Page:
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Persistence of Vision

Jeffrey Syken

There’s a curious trait to the human eye that makes the motion picture possible – it’s known as Persistence of Vision. Simply understood, this is the lingering effect of an image seen through the lens of the eye, flipped upside-down on the retina (at the back of the eye) and transmitted to the brain via the optical nerve as an image. For a brief moment (after the image is no longer on the retina), the brain holds that image. This optical illusion is the foundation upon which the motion picture is based and the basic principle behind the movie camera. The first crude movie projectors and Nickelodeons were based on this principle. A series of images, each slightly different than the preceding image, when “flipped” at a certain speed would create the illusion of motion since the brain retains that previous image long enough for the motion of the cards to appear fluid. Cartoons are created in this very way. With the movie projector and celluloid film, the movie camera could capture the action in individual “frames” and when played through a fast (+4K rpm) shutter, the brain is really seeing many individual pictures (twenty-four) each second. In 1927, Al Jolson appeared in The Jazz Singer – the first talkie. By photographically combining a picture negative with a sound negative, a combined positive was produced containing both picture and sound (on a continuous sound track adjoining the picture frames of the celluloid film). This was revolutionary as was the introduction of Technicolor in later years. The movie industry was/is a unique American creation employing thousands and entertaining millions. It wouldn’t have been possible if not for a simple optical illusion known as persistence of vision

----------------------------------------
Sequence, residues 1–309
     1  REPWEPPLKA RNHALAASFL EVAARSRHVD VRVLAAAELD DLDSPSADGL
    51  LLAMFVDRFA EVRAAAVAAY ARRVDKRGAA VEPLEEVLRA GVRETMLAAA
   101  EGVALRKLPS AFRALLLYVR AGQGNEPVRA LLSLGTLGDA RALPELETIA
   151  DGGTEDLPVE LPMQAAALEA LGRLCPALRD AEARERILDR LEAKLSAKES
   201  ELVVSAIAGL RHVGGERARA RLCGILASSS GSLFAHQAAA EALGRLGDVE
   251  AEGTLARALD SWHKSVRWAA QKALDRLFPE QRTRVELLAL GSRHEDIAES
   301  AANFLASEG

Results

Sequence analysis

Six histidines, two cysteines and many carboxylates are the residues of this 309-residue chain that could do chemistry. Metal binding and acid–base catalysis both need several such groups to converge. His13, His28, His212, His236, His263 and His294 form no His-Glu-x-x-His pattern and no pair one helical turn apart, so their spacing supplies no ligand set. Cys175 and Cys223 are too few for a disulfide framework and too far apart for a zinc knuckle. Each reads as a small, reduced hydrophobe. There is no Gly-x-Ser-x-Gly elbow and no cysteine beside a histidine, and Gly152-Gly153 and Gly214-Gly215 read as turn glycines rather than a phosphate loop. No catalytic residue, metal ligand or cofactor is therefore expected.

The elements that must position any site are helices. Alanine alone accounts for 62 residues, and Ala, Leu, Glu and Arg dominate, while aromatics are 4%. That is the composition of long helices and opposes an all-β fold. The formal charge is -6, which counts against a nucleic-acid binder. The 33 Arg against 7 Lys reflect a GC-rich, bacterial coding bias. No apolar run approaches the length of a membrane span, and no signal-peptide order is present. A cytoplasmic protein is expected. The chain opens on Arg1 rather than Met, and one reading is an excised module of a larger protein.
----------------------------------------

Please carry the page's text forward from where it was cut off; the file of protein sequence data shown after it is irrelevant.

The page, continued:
This course includes a multiple-choice quiz at the end, which is designed to enhance the understanding of the course materials.

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